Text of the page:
This post analyzes the roles of the state and federal government in prosecuting possession of child porngraphy cases in the state of Texas.
The state system provides for more lenient sentences on child pornography cases when compared to the federal system. However, state prosecutors are removing this edge through the use of motions to stack sentences. This blog discusses the use of stacking motions in the state system for child pornography prosecutions.
The child pornography statute requires the government to prove the defendant was in knowing possession. This element is crucial in defending clients who accidentally download contraband through the use of unregulated peer to peer networks. This blog looks at the knowledge requirement, and the forensics needed to effectively negate the knowledge element.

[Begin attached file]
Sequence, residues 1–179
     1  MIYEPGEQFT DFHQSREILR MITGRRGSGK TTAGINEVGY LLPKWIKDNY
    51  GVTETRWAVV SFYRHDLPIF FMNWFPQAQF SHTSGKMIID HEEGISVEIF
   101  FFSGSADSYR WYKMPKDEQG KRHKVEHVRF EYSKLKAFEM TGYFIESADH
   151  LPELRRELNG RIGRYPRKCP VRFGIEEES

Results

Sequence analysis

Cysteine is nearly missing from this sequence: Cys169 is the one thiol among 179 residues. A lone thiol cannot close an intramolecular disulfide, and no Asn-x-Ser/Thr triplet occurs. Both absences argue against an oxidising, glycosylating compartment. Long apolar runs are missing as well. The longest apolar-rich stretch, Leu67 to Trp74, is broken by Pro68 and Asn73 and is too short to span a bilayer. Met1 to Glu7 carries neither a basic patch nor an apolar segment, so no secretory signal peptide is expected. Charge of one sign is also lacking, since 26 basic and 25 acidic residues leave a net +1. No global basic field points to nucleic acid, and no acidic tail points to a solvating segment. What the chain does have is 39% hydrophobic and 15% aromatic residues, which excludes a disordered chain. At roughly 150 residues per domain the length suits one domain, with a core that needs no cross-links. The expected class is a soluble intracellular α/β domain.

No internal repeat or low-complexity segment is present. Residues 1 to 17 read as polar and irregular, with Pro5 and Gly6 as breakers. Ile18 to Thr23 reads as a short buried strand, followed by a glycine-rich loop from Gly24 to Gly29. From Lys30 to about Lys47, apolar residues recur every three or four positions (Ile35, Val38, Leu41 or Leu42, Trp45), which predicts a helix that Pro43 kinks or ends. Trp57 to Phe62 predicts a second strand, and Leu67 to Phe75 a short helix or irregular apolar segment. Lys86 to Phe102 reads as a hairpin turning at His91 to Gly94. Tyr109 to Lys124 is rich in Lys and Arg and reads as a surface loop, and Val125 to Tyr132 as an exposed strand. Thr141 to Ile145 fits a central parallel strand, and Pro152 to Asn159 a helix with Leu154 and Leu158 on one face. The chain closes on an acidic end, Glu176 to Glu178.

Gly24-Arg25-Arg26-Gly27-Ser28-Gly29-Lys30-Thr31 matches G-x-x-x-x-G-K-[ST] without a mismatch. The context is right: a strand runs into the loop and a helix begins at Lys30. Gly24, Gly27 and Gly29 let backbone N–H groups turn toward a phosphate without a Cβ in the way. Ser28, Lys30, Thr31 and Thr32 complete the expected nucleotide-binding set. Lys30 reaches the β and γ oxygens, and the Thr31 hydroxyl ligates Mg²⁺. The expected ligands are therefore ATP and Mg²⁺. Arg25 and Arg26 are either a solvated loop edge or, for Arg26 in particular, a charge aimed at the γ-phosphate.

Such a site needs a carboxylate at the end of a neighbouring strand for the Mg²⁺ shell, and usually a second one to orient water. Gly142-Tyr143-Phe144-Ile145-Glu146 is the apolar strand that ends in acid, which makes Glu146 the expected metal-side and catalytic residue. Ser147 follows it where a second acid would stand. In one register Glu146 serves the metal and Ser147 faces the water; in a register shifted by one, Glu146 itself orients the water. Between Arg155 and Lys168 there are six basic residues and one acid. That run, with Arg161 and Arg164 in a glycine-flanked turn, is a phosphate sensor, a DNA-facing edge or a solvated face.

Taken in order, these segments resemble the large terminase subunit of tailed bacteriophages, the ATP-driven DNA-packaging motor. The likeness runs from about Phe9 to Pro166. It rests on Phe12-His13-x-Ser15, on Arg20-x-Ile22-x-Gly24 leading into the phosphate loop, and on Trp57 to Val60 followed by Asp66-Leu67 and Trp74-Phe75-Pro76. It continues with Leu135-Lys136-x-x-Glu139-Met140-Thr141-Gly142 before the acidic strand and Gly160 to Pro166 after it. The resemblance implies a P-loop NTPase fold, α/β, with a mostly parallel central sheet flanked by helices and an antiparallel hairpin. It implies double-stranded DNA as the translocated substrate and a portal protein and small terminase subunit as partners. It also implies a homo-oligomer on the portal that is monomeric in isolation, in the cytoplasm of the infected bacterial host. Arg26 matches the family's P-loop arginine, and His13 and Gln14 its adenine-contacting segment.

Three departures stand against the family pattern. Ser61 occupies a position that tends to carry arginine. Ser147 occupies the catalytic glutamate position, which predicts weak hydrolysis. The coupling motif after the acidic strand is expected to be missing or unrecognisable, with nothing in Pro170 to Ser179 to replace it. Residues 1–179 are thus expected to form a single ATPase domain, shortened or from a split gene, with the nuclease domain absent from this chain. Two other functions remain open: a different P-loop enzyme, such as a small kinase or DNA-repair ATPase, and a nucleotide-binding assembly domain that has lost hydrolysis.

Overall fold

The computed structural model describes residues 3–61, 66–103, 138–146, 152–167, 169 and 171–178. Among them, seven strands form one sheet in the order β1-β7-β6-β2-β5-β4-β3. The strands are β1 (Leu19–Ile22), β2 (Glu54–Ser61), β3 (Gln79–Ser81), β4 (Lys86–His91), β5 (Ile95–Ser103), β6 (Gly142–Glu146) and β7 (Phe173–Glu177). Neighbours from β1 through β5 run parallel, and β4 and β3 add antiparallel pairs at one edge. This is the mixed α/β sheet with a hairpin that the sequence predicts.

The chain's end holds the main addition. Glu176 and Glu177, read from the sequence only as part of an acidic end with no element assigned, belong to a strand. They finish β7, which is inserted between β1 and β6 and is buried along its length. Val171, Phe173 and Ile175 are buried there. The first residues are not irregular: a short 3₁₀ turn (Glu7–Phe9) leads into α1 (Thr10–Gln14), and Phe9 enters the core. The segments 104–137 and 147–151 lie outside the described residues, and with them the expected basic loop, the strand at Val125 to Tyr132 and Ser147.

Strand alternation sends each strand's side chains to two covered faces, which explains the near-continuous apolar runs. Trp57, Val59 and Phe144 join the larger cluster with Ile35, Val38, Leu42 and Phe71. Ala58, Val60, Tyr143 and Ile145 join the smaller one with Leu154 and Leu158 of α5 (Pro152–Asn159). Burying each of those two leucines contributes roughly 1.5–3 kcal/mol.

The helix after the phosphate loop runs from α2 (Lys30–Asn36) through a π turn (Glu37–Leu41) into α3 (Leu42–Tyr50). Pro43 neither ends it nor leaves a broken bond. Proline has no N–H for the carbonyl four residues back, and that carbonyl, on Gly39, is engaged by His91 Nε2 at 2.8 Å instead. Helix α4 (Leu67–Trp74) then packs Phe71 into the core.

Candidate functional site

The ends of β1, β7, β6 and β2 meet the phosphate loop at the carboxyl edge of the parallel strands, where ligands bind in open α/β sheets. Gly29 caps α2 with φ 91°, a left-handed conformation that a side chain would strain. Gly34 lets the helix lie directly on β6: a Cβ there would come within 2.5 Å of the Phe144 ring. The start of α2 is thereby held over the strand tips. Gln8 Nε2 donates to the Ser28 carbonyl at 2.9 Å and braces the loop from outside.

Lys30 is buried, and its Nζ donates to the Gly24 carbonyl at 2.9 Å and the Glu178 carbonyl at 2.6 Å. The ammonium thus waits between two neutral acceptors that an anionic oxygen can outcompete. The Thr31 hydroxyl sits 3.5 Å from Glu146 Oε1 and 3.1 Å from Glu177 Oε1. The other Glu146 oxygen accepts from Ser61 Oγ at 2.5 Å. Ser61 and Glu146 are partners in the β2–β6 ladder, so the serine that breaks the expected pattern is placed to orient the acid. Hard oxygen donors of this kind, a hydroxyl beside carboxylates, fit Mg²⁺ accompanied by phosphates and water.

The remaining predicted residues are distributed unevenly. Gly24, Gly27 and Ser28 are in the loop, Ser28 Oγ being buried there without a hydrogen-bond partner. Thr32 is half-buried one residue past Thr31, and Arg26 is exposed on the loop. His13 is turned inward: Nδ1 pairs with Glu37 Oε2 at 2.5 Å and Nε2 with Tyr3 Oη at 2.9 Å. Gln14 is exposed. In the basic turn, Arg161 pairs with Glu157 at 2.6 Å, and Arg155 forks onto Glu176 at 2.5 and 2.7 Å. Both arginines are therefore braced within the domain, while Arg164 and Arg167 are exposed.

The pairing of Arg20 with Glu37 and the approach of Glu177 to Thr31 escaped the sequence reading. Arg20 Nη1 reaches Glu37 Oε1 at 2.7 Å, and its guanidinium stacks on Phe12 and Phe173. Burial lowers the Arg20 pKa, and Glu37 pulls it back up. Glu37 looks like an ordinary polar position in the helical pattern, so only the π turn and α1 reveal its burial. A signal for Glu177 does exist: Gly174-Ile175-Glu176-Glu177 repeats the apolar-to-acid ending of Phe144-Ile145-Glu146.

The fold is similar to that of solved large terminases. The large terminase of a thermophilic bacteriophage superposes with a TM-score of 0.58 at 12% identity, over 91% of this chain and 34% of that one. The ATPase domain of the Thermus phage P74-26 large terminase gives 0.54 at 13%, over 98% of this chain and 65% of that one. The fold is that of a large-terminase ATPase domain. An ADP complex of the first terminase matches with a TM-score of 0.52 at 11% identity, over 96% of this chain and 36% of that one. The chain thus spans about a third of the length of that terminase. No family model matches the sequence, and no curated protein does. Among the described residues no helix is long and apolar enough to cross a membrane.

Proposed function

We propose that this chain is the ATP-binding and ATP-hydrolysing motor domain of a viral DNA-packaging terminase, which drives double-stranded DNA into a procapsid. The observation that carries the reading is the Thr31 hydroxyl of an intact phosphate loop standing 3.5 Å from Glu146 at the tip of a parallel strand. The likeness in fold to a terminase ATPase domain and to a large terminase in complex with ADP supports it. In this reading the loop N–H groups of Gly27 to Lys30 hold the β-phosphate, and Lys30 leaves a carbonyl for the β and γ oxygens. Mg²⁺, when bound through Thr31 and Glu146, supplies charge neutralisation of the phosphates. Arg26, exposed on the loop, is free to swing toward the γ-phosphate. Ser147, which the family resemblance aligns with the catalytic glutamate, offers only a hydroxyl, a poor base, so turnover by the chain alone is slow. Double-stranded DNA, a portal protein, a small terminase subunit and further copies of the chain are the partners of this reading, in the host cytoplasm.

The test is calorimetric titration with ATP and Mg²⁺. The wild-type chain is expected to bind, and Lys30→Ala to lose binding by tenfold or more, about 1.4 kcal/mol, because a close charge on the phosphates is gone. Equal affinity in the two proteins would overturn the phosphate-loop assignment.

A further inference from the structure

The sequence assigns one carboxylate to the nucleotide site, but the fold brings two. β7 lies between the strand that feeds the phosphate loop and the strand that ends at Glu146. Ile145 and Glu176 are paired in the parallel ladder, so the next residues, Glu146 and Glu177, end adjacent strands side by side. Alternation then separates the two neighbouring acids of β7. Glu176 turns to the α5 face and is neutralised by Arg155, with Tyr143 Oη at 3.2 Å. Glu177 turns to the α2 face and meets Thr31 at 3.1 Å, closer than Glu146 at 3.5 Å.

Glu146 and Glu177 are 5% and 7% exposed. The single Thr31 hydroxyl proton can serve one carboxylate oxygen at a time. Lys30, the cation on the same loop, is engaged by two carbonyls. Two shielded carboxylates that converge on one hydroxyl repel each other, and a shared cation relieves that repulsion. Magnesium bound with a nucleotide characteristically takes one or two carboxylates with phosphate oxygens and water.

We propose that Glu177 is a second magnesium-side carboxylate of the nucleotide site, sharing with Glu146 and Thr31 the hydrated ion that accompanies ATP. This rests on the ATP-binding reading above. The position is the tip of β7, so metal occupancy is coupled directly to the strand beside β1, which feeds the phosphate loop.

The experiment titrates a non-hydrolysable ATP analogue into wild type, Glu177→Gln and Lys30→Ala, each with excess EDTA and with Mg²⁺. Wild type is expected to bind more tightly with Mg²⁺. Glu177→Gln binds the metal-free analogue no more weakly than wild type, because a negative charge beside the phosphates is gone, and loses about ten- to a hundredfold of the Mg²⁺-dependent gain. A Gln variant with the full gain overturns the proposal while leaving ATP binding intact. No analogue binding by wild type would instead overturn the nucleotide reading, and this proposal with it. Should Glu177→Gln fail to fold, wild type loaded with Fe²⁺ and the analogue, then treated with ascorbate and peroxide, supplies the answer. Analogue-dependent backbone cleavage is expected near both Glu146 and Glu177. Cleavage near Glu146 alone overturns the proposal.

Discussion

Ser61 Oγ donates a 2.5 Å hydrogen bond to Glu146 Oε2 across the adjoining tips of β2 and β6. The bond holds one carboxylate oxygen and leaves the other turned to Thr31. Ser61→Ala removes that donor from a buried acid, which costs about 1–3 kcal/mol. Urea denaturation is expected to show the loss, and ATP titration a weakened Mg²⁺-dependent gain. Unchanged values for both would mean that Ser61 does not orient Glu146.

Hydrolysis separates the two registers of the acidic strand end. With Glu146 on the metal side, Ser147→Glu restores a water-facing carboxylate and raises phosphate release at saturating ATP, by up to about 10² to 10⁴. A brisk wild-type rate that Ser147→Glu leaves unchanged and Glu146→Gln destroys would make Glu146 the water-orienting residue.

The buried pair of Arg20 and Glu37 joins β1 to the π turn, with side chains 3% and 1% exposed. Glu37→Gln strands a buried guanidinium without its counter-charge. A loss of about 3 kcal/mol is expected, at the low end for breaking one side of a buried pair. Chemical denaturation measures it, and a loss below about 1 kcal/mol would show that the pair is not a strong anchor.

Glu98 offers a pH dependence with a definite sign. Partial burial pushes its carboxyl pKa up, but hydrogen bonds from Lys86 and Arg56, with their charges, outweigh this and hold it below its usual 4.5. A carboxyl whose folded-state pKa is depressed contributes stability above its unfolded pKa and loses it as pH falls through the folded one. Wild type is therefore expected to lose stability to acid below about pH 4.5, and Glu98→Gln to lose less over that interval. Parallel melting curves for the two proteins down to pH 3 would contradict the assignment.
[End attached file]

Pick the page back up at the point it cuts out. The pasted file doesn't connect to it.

The guideline range is the starting point for sentencing a criminal defendant. However, there are multiple avenues at a defense attorneys disposal to argue for a sentence below the recommended range. This article examines the commonly used tactics to get the least severe sentence for a federal client.
In 1987, the United States Congress passed the first sentencing guidelines to end the sentencing disparity seen throughout the federal system. These guidelines stripped the district court of most of their discretion in sentencing federal criminal defendants. This post looks at the 2016 Sentencing Guidelines with a focus on criminal tax and child pornography cases.
The following cases highlight the threshold the prosecution must meet to justify a conviction for distribution of child pornography in cases involving the defendant’s use of a peer to peer network. The ultimate question is at what point does a person move from possession of child pornography to distribution of child pornography when using a file sharing program? This blog post examines that fine line, and the consequences for crossing it.